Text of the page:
The German Empire’s Internal Problems (1871-1890)

Bismarck’s term as chancellor (1871-1890) of the German Empire endured numerous internal battles revolving around the power of the empire and its rulers. Disagreements regarding the appropriate power of the working class and the role of the church caused turbulence during Bismarck’s term. Bismarck attempted to solve these internal conflicts by catering to each side of the argument at different times, but the disagreements resurfaced.

The internal problems of the German Empire started with the delegation of votes. Bismarck and King Wilhelm I established the German Empire in 1871 and created a hierarchy of government for deciding the laws and conditions of the new government. Bismarck allowed universal manhood suffrage (the right for working, white men) in the lower chamber, or Reichstag, of the legislative body. Bismarck’s decision to allow the lower classes to vote disrupted the peace within the upper chamber, a group of lawmakers composed of upper class men, because the upper chamber did not think that normal, uneducated people should have the power to influence government. Bismarck limited the power of the lower chamber so that average men could vote, but he could overrule them.

The National Liberals restricted the jurisdiction of the Catholic Church , but the Center (a largely Catholic political party) opposed the National Liberals and pressed for the Church to maintain its power. In 1864, a document called the Syllabus of Errors was published. This document observed the government’s inclination to encroach upon religious power and called for change so that the future government would not hinder the church or education. Bismarck, allied with the National Liberals, declared a nominal war (Kulturkampf) in 1871 with the intention of protecting culture and education from the church. With the support of the anticlerical National Liberals, Bismarck passed laws restricting the church’s ability to worship and educate. Bishops of the Catholic faith were arrested and Jesuits were expelled. The Center was outraged with the new anticlerical laws. In 1879, Bismarck decided that the Catholic Church was not the large, powerful threat he had feared it to be. Bismarck allied himself with the Center, causing numerous National Liberals to grow angry at Bismarck’s alleged betrayal. The influence of the church caused internal arguments.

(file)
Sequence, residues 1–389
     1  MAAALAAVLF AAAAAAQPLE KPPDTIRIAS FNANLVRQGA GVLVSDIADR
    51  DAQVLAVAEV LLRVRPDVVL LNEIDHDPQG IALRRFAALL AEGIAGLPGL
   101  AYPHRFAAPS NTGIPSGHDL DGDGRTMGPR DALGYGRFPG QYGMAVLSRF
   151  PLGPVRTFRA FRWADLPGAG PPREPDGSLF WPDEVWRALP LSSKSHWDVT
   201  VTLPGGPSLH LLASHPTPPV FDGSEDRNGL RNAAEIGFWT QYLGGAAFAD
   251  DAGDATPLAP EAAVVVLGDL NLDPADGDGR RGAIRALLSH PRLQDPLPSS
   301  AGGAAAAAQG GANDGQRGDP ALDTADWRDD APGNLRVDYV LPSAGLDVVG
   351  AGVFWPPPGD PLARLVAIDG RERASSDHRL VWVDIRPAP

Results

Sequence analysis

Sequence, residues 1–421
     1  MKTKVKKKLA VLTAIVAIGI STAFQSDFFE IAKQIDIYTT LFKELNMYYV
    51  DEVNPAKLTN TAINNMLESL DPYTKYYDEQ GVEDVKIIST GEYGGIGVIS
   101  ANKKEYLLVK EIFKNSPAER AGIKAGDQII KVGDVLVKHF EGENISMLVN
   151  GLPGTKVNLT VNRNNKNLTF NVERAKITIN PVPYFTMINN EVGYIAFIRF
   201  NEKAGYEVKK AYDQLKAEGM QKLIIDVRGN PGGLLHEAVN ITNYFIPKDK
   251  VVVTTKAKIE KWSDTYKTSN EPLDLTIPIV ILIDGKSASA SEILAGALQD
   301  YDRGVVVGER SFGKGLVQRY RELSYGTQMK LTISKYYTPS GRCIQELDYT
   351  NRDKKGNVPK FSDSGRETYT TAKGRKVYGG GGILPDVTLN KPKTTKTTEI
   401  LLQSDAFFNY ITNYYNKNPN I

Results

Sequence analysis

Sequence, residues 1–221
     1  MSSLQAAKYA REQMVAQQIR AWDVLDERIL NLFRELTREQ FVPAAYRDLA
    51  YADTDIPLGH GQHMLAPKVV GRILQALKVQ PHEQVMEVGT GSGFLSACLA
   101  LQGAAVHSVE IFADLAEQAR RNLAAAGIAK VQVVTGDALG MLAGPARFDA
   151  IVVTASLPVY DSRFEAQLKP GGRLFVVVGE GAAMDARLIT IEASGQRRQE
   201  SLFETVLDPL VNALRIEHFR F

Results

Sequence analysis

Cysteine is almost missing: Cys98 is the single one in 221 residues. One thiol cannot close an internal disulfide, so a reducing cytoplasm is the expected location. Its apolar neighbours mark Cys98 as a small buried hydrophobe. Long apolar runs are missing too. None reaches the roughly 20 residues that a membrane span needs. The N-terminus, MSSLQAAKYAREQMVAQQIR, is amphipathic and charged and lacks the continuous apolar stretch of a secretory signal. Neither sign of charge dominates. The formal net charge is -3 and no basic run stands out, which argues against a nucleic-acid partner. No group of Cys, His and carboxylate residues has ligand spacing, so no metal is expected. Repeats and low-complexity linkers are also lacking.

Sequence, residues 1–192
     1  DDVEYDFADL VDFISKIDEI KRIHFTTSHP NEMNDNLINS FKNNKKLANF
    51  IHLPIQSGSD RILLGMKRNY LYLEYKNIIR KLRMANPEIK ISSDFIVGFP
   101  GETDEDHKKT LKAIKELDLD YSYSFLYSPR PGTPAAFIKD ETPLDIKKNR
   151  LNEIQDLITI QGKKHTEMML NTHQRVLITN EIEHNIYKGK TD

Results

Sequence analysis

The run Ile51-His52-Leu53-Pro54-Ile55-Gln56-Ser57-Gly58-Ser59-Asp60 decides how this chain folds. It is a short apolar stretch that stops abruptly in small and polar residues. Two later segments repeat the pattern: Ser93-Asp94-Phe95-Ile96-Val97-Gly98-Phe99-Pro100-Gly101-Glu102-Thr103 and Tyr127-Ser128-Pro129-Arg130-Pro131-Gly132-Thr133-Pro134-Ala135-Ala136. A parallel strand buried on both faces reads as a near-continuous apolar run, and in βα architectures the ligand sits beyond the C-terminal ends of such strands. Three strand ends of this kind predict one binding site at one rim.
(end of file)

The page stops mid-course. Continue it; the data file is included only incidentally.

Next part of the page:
Another cause for conflict within the German Empire was the rise of socialism. Bismarck’s fear of having a Paris Commune (anarchy) situation in Germany were heightened by the formation of the German Social Democratic Party in 1875. Socialists quickly populated most of the Reichstag and held a small amount of influence in the government. Bismarck, backed by the upper classes of the German Empire (the Junkers), passed antisocialist laws between 1878 and 1890, forbidding the formation of labor unions and socialistic uprisings against the government. In order to gain socialist support, Bismarck created a social insurance program that benefited the working class. Social insurance did not appeal to the Junkers, who did not work in factories and were expected to pay some money to the government so that the lower class could benefit. Throughout Bismarck’s term in office, the tension grew between the socialists and antisocialists concerning the duty of the government to the working man.

Most of the internal problems that Bismarck witnessed while in office consisted of struggles for power within the German Empire. The German population disagreed with respect to who should have the right to vote, how much power the church should have, and what role the government should play in the lives of workers. Between 1871 and 1890, the German Empire suffered internal conflicts due to imbalances of power.